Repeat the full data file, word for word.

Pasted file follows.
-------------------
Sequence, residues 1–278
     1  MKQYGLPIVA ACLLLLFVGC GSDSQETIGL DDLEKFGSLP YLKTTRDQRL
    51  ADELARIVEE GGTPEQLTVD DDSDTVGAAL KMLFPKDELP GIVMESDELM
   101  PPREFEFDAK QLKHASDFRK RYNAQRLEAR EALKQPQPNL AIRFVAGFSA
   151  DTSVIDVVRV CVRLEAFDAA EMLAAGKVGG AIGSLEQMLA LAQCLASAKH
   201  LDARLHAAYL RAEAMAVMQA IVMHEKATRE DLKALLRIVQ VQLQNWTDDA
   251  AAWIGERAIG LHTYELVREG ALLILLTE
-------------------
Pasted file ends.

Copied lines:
Sequence, residues 1–278
     1  MKQYGLPIVA ACLLLLFVGC GSDSQETIGL DDLEKFGSLP YLKTTRDQRL
    51  ADELARIVEE GGTPEQLTVD DDSDTVGAAL KMLFPKDELP GIVMESDELM
   101  PPREFEFDAK QLKHASDFRK RYNAQRLEAR EALKQPQPNL AIRFVAGFSA
   151  DTSVIDVVRV CVRLEAFDAA EMLAAGKVGG AIGSLEQMLA LAQCLASAKH
   201  LDARLHAAYL RAEAMAVMQA IVMHEKATRE DLKALLRIVQ VQLQNWTDDA
   251  AAWIGERAIG LHTYELVREG ALLILLTE